This brings us to the other criteria, colours. Colours play an important role when coming up with a brand style. It portrays what kinds of feelings or urges you want to stimulate. As was pointed out by Karen Haller, red and yellow are predominant colours in the fast-food industry because red is a colour that stimulates hunger, appetite, and screams attention as a colour. Yellow makes you feel welcomed and happy. With these colours together, they make for an incredibly suggestive combination, perfect for fast-food businesses. Words take longer to register. Signs, characters, and colours are instant. This is their nature and how they can be exploited. Meanwhile, the colour green has been gaining more and more attention in the last decades due to the rise of eco-friendly movements and overall positive association with the colour green with nature.
Of course, this doesn’t mean that you can just make a logo following psychological tricks and whatnot and expect to become a billionaire. No, that doesn’t work like that. Having it be recognizable and eye-catching is only the foundation. The well-made logo will only attract attention, you have to make them stay with the quality of the goods/services that you provide. This also requires tremendous amounts of upkeep. If you have a physical location you must have it appear clean at all times to avoid negative association or even god-forbid question the seriousness of the business owner. When marketing the goods you will need to spend a good amount of money on high-quality services, it’s what separates small fries from big corporate names. There are immense differences between having high-quality custom banners for your goods and services and having low-quality ones just to save some money.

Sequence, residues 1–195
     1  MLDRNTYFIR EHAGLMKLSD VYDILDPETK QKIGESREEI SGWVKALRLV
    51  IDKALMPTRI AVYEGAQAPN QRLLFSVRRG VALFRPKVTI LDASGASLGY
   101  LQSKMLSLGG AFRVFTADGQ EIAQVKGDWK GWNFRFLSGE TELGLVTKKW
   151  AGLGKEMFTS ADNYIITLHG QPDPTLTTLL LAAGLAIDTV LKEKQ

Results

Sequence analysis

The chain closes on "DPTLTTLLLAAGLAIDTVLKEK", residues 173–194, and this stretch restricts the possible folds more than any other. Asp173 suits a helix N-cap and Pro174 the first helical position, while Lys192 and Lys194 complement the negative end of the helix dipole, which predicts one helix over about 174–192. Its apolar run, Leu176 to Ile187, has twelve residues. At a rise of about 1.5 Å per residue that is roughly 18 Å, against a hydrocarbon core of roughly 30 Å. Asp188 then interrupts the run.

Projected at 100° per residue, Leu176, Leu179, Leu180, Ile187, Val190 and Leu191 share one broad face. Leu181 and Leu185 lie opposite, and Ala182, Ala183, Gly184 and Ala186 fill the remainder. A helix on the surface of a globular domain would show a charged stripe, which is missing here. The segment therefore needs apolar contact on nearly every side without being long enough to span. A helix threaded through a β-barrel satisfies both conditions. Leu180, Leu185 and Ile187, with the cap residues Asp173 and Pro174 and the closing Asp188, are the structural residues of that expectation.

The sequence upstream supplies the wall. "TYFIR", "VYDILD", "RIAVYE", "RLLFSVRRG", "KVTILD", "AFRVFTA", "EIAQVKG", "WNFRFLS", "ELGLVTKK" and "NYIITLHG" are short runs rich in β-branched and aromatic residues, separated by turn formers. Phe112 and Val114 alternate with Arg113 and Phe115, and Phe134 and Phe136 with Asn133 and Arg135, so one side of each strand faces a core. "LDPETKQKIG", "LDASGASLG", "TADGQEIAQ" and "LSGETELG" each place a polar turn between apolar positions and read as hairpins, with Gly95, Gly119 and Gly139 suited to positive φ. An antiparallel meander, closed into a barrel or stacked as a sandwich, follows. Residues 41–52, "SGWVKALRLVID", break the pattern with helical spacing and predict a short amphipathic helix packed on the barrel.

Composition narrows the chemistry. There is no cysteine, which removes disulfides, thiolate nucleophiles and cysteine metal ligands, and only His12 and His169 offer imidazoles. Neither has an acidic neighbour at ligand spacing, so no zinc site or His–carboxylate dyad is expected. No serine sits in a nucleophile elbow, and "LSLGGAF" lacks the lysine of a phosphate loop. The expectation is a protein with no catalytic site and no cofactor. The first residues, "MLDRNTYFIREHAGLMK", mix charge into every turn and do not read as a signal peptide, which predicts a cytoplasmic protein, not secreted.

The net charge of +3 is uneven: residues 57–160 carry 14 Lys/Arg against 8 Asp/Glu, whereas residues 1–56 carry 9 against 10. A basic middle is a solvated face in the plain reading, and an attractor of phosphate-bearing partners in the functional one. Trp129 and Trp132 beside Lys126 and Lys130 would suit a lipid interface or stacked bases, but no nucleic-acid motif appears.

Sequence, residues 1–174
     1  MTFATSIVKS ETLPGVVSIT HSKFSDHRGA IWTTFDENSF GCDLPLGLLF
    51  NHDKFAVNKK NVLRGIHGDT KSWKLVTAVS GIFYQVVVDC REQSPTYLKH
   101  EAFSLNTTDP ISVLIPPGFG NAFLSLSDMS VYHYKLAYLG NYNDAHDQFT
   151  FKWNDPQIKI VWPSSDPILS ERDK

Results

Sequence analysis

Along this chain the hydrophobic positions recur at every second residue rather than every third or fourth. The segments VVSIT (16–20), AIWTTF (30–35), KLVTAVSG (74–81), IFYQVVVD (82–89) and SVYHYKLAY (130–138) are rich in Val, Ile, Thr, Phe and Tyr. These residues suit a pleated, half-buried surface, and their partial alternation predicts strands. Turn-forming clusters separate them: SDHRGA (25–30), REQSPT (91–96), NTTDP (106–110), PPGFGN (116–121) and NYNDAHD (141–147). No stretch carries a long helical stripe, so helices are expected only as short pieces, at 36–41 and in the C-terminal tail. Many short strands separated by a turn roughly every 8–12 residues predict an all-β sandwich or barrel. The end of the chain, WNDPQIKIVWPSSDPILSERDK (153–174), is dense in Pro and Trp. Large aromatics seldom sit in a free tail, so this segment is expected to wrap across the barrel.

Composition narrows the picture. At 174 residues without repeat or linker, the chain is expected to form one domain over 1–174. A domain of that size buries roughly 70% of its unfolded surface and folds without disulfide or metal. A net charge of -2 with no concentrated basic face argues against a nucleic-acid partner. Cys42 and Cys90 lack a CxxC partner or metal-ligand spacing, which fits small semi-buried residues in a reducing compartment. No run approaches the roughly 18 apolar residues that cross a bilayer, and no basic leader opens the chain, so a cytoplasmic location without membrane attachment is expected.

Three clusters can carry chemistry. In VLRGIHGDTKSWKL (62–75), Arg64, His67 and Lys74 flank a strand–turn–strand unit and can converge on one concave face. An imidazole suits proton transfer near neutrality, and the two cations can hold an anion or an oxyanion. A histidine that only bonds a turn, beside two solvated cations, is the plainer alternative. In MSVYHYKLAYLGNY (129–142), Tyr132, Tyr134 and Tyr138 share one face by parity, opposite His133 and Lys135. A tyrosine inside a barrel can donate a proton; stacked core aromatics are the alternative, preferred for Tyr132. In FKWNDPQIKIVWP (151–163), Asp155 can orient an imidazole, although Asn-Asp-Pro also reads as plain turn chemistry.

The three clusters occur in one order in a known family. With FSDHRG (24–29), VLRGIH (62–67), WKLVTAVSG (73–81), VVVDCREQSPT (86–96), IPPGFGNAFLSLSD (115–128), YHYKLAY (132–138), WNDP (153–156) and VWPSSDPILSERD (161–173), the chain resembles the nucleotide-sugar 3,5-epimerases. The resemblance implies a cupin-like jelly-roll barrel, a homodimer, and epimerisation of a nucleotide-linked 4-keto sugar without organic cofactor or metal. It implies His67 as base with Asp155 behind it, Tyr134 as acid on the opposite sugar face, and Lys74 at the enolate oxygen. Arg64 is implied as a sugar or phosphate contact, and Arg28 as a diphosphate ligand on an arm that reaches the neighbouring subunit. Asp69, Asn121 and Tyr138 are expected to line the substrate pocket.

The Effects of Branding
As we have already mentioned, branding creates a feeling of trust between the customer and the provider. Leading them to believe your product is the best and safest they can find. They are a key aspect of creating future business, as an established brand increases the value of your goods and services, hence giving you leverage when competing in the open market. A strong brand not only increases the value of your products but will also cement itself into people’s minds. Leading to free peer-to-peer recommendations on what to buy, only creating further profit for you. And it can grow to the point where we showcased the Heinz beans example, where a brand can leave such a print in your brain that it will cause you to defy your senses. And the most interesting part is that a strong brand won’t just spam for a couple of years, it will be here throughout several generations (depending on how rooted in mainstream culture it becomes)
Branding is a fascinating process that is way deeper than people think at first, it does have some morally questionable parts depending on how you look at it, as it can be a source of manipulation. But as with anything in this world, it is not completely black or white. It is up to you to decide how you want to perceive branding.